Our approach for combining and analyzing these data was semi-manual, but we are exploring options for better integrating and sustaining these data sources long-term. For example, by incorporating community-level data into EHRs directly, we would not only attain more granular data at the patient level, but we would be better able to validate and analyze it in a longitudinal fashion. Physicians could use this additional patient context to make more relevant health recommendations, which might improve compliance and outcomes. Unfortunately, adding external data into the EHR presents its own set of challenges related to accuracy and timeliness, which may not make this option viable on a large-scale. However, efforts to integrate community-level data into enterprise data warehouses are underway, and these novel methods present a promising approach to systematically integrate these data to answer such research questions [49]. Our current work makes the case for the importance of such efforts and informatics solutions to facilitate this type of research.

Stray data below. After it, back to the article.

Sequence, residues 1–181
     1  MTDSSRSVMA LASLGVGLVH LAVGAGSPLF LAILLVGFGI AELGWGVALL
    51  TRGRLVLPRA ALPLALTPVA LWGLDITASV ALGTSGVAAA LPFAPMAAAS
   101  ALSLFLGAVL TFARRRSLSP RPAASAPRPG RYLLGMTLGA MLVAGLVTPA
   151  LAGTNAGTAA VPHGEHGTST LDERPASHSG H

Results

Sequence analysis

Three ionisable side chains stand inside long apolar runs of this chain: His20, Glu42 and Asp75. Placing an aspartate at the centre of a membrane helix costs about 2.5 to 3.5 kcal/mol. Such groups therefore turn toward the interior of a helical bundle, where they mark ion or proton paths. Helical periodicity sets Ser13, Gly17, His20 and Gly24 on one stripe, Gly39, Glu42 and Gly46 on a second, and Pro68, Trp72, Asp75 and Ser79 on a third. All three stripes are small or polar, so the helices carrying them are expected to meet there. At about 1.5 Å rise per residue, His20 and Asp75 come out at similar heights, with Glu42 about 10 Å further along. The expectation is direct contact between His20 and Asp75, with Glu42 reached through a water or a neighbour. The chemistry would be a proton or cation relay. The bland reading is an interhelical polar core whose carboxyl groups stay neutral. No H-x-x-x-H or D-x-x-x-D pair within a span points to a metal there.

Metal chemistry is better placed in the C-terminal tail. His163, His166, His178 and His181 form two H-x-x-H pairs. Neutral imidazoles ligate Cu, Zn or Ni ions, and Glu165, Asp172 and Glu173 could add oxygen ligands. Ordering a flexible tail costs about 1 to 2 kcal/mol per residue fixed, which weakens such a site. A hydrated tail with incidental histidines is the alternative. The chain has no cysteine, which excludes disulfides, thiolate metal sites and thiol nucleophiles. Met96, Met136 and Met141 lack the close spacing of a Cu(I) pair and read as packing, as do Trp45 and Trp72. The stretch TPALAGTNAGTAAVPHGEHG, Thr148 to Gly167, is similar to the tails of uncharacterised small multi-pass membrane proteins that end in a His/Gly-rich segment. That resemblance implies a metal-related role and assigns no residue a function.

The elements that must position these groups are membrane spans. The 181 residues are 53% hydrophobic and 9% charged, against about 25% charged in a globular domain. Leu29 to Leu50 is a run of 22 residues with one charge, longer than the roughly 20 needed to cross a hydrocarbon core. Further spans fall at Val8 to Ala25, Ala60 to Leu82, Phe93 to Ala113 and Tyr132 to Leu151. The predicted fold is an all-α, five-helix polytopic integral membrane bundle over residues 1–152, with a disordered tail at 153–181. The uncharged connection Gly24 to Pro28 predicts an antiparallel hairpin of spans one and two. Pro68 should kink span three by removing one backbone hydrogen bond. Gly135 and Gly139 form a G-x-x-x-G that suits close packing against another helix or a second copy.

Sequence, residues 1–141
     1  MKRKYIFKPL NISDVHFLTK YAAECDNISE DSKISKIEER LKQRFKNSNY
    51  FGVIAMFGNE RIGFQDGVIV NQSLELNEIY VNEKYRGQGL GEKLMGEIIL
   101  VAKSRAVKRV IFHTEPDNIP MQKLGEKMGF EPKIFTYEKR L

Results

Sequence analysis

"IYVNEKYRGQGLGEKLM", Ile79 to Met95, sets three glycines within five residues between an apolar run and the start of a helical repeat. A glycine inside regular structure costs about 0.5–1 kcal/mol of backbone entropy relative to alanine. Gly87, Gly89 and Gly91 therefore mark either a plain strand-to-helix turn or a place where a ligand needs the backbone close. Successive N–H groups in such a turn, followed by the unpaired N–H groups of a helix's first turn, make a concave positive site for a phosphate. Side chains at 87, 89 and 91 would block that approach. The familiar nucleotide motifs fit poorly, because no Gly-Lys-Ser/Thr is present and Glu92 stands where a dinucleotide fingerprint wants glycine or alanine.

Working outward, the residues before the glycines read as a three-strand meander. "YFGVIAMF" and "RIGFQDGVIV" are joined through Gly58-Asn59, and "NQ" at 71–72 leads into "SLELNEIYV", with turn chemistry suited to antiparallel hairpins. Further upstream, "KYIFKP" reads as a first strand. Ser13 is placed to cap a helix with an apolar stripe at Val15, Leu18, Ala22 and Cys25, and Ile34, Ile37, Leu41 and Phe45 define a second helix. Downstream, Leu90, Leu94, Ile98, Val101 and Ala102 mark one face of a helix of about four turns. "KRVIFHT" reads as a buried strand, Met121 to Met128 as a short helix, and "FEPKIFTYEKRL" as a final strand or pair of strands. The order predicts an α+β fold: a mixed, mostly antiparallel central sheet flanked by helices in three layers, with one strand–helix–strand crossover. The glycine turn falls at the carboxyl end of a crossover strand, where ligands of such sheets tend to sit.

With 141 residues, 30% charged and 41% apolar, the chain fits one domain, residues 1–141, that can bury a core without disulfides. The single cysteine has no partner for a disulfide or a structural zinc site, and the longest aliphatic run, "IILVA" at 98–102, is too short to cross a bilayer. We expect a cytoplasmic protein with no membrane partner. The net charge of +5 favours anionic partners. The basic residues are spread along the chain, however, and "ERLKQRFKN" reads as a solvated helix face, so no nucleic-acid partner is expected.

The spatial issue impacts individuals who live on or near zip code boundaries and may actually have more access to community-level factors of a neighboring zip code. Since we lacked individual location coordinates for those in our study, we could not account for this phenomenon in our analysis. For the same reason, we could not measure distance to specific community-level resources such as grocery stores, but instead had to use the number of such resources per zip code, standardized by population size, as a proxy. We also lacked information about how far people will travel to purchase food, which others have suggested may be important considerations in actual food purchasing habits [50].